Composite materials have been widely used in various areas due to their light weight and high specific strength and modulus (Baker et al., 2004; Park et al., 2009). An attractive property of composite materials is the possibility of tailoring the laminate with desired angles, which is not possible in conventional metals. A suitable lay-up stacking sequence can improve the resistance of the laminate without increasing the number of plies. Optimization of the stacking sequence is therefore necessary in the design of the composite parts.The angle of composite plies is usually distinct, such as 0, 30, 45, 60, or 90 degrees, for practical manufacturing.This engenders optimization problems with discrete or discontinuous variables.
Methods for discrete variable optimization have been developed over several decades. These can be classified into six categories (Arora et al., 1994): branch and bound,simulated annealing, sequential linearization, penalty functions, Lagrangian relaxation, and other methods such as rounding-off, heuristic, cutting-plane, pure discrete,and genetic algorithms. Each method has advantages and disadvantages depending on the problem type.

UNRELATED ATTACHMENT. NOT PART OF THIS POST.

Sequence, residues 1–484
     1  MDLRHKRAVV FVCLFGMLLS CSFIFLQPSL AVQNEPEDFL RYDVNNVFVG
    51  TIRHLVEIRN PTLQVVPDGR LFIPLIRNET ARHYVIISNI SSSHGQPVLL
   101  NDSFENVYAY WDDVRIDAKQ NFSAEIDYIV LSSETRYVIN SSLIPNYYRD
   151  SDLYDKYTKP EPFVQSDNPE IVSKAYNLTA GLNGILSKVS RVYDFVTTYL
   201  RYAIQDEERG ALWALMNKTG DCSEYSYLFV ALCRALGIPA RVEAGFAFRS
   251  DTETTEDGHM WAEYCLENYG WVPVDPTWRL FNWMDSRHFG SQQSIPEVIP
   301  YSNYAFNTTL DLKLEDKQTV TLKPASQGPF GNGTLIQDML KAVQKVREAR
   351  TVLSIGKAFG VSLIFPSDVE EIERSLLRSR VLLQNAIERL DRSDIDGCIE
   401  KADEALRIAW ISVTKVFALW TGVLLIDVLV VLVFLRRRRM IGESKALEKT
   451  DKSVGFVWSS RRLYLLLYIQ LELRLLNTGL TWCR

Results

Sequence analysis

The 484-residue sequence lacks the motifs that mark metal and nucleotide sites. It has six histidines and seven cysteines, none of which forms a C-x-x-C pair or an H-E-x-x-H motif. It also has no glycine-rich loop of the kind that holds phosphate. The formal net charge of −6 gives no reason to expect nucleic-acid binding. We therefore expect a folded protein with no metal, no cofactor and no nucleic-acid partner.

While conventional methods use a single point at each iteration, genetic algorithms are population-based approaches. The basic aim of a genetic algorithm is to generate a new set of designs (population) from the current set in order to improve the average fitness of the population(Arora, 2004). Genetic algorithms are global-search approaches that can find global optima and have been widely used for optimizing composite structures. Kogiso et al.(1994) applied a genetic algorithm to the stacking sequence optimization of laminated composite plates for bucking load maximization. They confirmed that their improvements significantly reduced the number of analyses required for genetic optimization. Lin and Lee (2004) proposed a precise regression so that the local improvement, which helps a genetic algorithm to converge sooner, could be done within a very short time. Walker and Smith (2003) described a technique for the multi-objective optimization of laminated composite structures. Soremekun et al. (2001) investigated the standard genetic algorithm with an elitist method, which was first implemented by De Jong (1975), demonstrating that it could not find multiple global optima through a specific example. They made modifications in order to improve the standard process.